Scorporo is a two-tier mixed system similar to MMP in that voters have two votes (one for a local candidate on the lower tier, and one for a party list on the upper tier), except that disproportionality caused by the single-member district tier is partially addressed through a vote transfer mechanism.[10] Votes that are crucial to the election of district-winning candidates are excluded from the PR seat allocation, for this reason the method used by scorporo is referred to as a negative vote transfer system.[11] The system was used in Italy from 1993 to 2005, and a modified version is currently used in Hungary.[12] Unlike scorporo, this version uses a positive vote transfer system, in which "wasted" votes (including surplus votes of winners) are added to the results of the party list vote, in this respect it is a hybrid of parallel voting and the mixed single vote.

Majority bonusEdit

Electoral systems with a majority bonus have been referred to as "unconventional mixed systems".[13] Employed by Armenia, Greece, and San Marino, as well as Italy from 2006 to 2013,[14] majority bonuses help the most popular party or alliance win a majority of the seats with a minority of the votes, similar in principle to plurality/majoritarian systems. However, PR is used to distribute seats among the opposition parties, and possibly within the governing alliance.

Dual member proportionalEdit

DMP is a mixed compensatory system similar to MMP, except that the plurality and PR seats are paired and dedicated to dual-member (two seat) districts. Proposed as an alternative to FPTP for Canadian elections, DMP appeared as an option on a 2016 plebiscite in Prince Edward Island and a 2018 referendum in British Columbia.

Mixed single voteEdit

MSV is a mixed compensatory type of systems using only a single vote that serves both as a vote for a local candidate and as a transfer vote on the compensatory tier. Similar to MMP, proportionality depends on the exact parameters to such a system, but it differs in that vote linkage (vote transfer) is used instead of seat linkage and split ticket voting is not possible. The system was used in Germany,[9] and is currently used in Hungary for some local elections and in a modified form also for national elections (combined with parallel voting as part of a more complex system).

Mixed ballot transferable voteEdit

MBTV is a mixed compensatory type of systems similar to MSV, except voters can vote separately for a local candidate and as a transfer vote on the compensatory tier.[15] It is different from MMP/AMS and AV+ in that there vote linkage instead of seat linkage used between tiers, so the two parts of the dual ballot are tied, so that only the list votes of ballots that would be used as transfer votes in an equivalent MSV counted. A similar dual vote, vote transfer based system is currently used in Hungary for national legislative elections.[16]

List of countries using mixed systemsEdit

The table below lists the countries that use a mixed electoral system for the first chamber of the legislature. Countries with hybrid (or coexistence) systems have been excluded from the table, as have countries that mix two plurality/majoritarian systems. (See also the complete list of electoral systems by country.)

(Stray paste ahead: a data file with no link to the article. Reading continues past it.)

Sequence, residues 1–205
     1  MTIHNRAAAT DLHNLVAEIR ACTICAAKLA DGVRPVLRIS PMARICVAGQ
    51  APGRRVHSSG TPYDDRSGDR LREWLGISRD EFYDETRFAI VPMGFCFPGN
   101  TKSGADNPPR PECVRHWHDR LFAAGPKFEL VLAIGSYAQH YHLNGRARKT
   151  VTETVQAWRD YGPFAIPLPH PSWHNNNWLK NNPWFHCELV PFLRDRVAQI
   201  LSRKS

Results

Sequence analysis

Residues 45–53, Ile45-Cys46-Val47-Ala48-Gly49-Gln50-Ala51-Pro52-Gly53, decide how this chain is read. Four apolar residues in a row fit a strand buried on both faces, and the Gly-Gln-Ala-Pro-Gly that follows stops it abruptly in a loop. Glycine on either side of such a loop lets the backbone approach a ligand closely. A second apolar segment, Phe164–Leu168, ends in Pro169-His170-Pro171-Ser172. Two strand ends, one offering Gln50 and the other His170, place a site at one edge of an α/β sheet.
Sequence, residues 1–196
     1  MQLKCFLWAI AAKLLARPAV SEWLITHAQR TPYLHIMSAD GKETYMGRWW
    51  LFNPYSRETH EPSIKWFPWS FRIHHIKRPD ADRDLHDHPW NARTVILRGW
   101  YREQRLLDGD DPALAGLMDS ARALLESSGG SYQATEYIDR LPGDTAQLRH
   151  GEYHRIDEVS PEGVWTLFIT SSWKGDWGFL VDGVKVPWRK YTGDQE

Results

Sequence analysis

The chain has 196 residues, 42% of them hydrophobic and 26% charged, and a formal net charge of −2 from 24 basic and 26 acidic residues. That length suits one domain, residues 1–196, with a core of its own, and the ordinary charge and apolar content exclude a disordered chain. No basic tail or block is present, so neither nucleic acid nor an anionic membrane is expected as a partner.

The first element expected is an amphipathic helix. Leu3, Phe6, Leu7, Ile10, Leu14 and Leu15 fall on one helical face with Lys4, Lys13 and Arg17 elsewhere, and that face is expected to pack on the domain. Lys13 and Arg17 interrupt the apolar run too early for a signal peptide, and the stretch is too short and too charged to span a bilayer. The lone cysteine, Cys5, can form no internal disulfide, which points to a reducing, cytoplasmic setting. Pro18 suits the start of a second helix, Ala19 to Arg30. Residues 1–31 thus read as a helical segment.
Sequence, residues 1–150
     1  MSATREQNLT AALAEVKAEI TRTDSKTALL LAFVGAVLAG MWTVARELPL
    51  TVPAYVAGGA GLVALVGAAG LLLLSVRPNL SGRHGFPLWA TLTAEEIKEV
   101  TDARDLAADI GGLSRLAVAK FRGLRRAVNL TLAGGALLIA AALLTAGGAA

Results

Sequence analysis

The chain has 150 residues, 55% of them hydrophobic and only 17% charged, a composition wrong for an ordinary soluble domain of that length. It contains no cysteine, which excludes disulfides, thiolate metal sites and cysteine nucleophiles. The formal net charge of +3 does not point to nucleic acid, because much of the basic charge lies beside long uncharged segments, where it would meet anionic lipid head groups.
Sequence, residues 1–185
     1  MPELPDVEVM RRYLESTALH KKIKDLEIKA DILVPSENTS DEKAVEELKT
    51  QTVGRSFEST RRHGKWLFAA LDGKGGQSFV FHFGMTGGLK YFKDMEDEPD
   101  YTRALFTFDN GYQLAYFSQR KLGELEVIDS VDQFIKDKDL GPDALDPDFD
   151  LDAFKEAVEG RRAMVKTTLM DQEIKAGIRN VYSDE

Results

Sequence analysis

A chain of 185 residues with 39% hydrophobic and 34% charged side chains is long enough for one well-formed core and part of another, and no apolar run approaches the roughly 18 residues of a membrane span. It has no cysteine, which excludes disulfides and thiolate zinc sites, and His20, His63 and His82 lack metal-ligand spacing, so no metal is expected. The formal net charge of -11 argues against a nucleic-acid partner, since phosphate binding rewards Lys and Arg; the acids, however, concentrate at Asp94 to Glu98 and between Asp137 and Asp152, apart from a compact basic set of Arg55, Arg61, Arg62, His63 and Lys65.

Country Type of mixed system
Andorra Parallel voting
Armenia Majority bonus
Bolivia Mixed member proportional
Georgia Parallel voting
Germany Mixed member proportional
Greece Majority bonus
Guinea Parallel voting
Hong Kong Parallel voting
Hungary Parallel voting and positive vote transfer
Italy Parallel voting
Japan Parallel voting
Jordan Parallel voting
Lesotho Mixed member proportional
Lithuania Parallel voting
Mauritania Parallel voting
Mexico Parallel voting
Monaco Parallel voting
Mongolia Parallel voting
Morocco Parallel voting
Nepal Parallel voting
New Zealand Mixed member proportional
Philippines Parallel voting
Russia Parallel voting
San Marino Majority bonus
Scotland Additional member system
Senegal Parallel voting
Seychelles Parallel voting
South Korea Parallel voting
Sri Lanka Parallel voting
Taiwan Parallel voting
Tajikistan Parallel voting
Tanzania Parallel voting
Thailand Parallel voting
Ukraine Parallel voting
Venezuela Parallel voting
Wales Additional member system
Zimbabwe Parallel voting

See alsoEdit

ReferencesEdit

  1. ^ "Electoral System Design: The New International IDEA Handbook". International Institute for Democracy and Electoral Assistance. 2005.
  2. ^ a b ACE Project Electoral Knowledge Network. "Mixed Systems". Retrieved 20 October 2017.
  3. ^ Norris, Pippa (1997). "Choosing Electoral Systems: Proportional, Majoritarian and Mixed Systems" (PDF). Harvard University.
  4. ^ a b c d e Massicotte, Louis (2004). In Search of Compensatory Mixed Electoral System for Québec (PDF) (Report).
  5. ^ "Electoral Systems and the Delimitation of Constituencies". International Foundation for Electoral Systems. 2 Jul 2009.
  6. ^ a b Bochsler, Daniel (May 13, 2010). "Chapter 5, How Party Systems Develop in Mixed Electoral Systems". Territory and Electoral Rules in Post-Communist Democracies. Palgrave Macmillan. ISBN 9780230281424.
  7. ^ Bormann, Nils-Christian; Golder, Matt (2013). "Democratic Electoral Systems around the world, 1946–2011" (PDF). Electoral Studies. 32 (2): 360–369. doi:10.1016/j.electstud.2013.01.005.
  8. ^ a b Bochsler, Daniel (2012). "A quasi-proportional electoral system 'only for honest men'? The hidden potential for manipulating mixed compensatory electoral systems" (PDF). International Political Science Review. 33 (4): 401–420. doi:10.1177/0192512111420770. S2CID 154545923.
  9. ^ a b Golosov, G. V. (2013). "The Case for Mixed Single Vote Electoral Systems". The Journal of Social, Political, and Economic Studies.
  10. ^ Bochsler, Daniel; Golder, Matt (2014). "Which mixed-member proportional electoral formula fits you best? Assessing the proportionality principle of positive vote transfer systems" (PDF). Representation. 50 (1): 113–127. doi:10.1080/00344893.2014.902222. S2CID 153691414.
  11. ^ Ferrara, F (2003). "Electoral coordination and the strategic desertion of strong parties in compensatory mixed systems with negative vote transfers". Electoral Studies.
  12. ^ Le Breton, Michel; Lepelley, Dominique; Merlin, Vincent (2015). "The probability of casting a decisive vote in a mixed-member electoral system using plurality at large" (PDF).
  13. ^ Bedock, Camille; Sauger, Nicolas (2014). "Electoral Systems with a Majority Bonus as Unconventional Mixed Systems". Representation. 50 (1): 99–12. doi:10.1080/00344893.2014.902220. S2CID 154685383.
  14. ^ Marco Bertacche (March 2, 2018). "How Italy's New Electoral System Works". Bloomberg Politics.
  15. ^ "Electoral incentives and the equal value of ballots in vote transfer systems with positive winner compensation".
  16. ^ Political Capital (2012). "The New Electoral Law in Hungary — In-depth Analysis" (PDF).

External linksEdit